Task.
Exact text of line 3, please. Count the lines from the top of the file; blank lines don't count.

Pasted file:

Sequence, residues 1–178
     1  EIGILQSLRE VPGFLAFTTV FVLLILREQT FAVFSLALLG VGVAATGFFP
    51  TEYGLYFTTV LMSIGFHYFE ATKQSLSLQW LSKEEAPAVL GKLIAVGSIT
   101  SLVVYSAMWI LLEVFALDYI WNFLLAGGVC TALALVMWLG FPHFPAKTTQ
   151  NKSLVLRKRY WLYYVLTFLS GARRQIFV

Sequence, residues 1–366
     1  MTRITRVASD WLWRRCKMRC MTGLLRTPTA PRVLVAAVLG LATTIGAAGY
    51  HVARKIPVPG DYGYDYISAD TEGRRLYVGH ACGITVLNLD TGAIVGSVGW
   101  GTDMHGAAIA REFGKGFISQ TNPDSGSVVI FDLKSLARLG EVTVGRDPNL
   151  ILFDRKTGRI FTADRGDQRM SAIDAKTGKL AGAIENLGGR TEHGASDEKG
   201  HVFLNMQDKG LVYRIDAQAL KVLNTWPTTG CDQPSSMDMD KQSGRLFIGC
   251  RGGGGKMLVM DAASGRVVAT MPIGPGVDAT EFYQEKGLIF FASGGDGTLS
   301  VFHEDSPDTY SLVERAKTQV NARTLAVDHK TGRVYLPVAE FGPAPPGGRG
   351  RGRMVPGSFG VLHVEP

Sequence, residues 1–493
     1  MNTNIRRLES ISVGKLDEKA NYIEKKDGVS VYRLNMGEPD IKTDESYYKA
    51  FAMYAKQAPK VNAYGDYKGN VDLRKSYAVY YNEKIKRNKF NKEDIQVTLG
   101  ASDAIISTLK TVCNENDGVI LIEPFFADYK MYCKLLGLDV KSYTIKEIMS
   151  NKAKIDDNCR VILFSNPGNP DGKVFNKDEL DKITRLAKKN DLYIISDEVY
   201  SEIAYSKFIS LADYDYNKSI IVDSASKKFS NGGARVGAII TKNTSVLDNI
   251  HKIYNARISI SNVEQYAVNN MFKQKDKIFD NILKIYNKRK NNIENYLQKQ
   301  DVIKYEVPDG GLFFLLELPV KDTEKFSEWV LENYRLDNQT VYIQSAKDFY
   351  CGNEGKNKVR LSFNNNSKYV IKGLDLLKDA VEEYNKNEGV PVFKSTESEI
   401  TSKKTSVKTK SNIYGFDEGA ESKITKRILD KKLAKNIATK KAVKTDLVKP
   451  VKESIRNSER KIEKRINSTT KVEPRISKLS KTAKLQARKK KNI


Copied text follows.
    51  TEYGLYFTTV LMSIGFHYFE ATKQSLSLQW LSKEEAPAVL GKLIAVGSIT